In 1958, Finnish modernist Viljo Revell won an international competition and brought what was considered to be a daringly futuristic design to Toronto. The Toronto City Hall’s two story podium houses public areas and offices; its comparatively modest colonnaded walkway fronts a large public square. But the podium serves as a base upon which to position the building’s more sculptural elements: two curved towers of uneven height embracing a small saucer that houses the council chambers.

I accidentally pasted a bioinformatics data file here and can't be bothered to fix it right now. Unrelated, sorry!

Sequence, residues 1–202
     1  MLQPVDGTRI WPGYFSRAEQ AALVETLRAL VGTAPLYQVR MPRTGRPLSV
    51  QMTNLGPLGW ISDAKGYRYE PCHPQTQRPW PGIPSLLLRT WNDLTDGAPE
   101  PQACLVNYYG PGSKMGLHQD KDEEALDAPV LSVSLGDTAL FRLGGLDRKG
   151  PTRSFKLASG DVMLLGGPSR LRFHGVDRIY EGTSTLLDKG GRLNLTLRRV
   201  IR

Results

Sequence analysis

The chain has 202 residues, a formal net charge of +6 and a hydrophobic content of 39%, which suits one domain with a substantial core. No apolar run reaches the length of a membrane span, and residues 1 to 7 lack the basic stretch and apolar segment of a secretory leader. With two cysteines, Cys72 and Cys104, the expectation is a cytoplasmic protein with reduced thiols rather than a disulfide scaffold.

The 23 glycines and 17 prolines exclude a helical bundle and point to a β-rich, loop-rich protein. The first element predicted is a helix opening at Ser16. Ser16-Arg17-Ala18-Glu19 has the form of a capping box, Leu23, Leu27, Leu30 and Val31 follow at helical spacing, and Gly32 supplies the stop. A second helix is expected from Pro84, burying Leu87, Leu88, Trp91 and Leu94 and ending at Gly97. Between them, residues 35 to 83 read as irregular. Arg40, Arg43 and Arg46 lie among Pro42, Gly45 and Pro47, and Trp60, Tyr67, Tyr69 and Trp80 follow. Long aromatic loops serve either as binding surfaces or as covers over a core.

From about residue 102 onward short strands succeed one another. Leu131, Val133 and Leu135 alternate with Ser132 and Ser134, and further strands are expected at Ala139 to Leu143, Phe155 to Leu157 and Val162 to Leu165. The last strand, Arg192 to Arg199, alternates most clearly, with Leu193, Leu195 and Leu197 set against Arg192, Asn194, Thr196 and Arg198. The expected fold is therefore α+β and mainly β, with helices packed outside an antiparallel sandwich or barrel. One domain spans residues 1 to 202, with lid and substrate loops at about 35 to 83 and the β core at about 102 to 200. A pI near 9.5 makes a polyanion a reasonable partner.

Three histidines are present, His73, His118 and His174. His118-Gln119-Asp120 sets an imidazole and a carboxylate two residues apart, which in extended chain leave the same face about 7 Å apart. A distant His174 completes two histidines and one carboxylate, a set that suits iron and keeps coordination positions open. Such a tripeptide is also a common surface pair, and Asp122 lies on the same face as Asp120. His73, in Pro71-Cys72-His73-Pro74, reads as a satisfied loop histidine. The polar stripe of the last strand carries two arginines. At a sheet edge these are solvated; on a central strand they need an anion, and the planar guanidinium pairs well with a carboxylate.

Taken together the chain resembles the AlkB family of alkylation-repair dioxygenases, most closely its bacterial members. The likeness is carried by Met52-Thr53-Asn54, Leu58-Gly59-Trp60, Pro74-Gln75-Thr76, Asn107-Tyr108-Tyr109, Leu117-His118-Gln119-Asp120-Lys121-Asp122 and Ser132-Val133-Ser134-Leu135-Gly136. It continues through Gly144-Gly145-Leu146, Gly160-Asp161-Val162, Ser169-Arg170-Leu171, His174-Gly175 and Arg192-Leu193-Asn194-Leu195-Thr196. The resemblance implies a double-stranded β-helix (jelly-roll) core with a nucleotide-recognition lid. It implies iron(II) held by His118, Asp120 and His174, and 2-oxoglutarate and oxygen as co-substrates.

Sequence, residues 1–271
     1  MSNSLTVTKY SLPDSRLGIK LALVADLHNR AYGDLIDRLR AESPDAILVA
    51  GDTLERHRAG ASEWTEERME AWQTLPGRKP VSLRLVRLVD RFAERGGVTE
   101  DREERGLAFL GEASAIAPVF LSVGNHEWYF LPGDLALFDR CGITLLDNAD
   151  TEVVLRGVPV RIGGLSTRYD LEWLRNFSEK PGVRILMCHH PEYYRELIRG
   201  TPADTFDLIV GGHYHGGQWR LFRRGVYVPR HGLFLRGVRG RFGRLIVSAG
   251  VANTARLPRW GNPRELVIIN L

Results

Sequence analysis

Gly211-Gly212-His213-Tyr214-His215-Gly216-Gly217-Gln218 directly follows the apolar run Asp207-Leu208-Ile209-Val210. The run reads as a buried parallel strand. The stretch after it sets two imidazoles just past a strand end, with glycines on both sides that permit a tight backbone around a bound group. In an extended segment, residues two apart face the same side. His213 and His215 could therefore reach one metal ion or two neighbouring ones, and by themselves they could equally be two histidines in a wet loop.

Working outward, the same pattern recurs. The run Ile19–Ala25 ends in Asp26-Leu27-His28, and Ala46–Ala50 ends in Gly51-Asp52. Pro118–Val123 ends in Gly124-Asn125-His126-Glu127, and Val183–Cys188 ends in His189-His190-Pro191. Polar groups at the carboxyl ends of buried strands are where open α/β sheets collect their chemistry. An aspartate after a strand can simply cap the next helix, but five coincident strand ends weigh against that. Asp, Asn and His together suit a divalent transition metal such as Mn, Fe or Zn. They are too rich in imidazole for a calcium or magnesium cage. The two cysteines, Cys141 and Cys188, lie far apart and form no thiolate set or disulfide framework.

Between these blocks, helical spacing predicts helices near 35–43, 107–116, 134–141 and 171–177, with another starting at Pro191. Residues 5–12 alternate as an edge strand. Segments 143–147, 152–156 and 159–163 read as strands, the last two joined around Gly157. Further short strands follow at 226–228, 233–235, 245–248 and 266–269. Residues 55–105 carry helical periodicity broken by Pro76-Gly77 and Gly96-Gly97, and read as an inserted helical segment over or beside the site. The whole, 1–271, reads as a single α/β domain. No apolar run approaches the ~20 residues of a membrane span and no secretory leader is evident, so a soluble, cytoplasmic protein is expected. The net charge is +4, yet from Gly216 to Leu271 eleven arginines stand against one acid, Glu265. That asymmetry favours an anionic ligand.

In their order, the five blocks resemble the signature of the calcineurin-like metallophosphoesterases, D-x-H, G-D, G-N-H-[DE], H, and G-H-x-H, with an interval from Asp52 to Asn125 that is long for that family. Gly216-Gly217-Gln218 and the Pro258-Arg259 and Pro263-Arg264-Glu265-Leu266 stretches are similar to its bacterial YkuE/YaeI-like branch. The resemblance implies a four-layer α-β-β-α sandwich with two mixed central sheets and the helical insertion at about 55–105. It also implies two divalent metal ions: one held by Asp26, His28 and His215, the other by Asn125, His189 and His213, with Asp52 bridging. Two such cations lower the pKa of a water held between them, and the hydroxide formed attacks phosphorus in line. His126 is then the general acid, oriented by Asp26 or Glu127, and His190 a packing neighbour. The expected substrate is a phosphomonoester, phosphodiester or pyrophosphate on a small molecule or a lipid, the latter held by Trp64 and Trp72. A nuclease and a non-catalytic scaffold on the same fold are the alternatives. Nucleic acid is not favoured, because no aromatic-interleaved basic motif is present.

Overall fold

Convex tower walls of ribbed concrete present a seemingly impenetrable public face, but concave walls are generously glazed. In the plaza, arches that echo the sweeping arcs of the office towers span a reflecting pool and fountain.